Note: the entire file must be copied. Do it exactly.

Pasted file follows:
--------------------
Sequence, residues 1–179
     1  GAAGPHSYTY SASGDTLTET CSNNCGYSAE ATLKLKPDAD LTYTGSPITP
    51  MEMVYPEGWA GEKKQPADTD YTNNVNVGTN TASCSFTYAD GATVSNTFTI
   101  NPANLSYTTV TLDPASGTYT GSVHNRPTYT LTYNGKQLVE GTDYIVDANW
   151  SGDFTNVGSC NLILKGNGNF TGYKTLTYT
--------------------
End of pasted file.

Sequence, residues 1–179
     1  GAAGPHSYTY SASGDTLTET CSNNCGYSAE ATLKLKPDAD LTYTGSPITP
    51  MEMVYPEGWA GEKKQPADTD YTNNVNVGTN TASCSFTYAD GATVSNTFTI
   101  NPANLSYTTV TLDPASGTYT GSVHNRPTYT LTYNGKQLVE GTDYIVDANW
   151  SGDFTNVGSC NLILKGNGNF TGYKTLTYT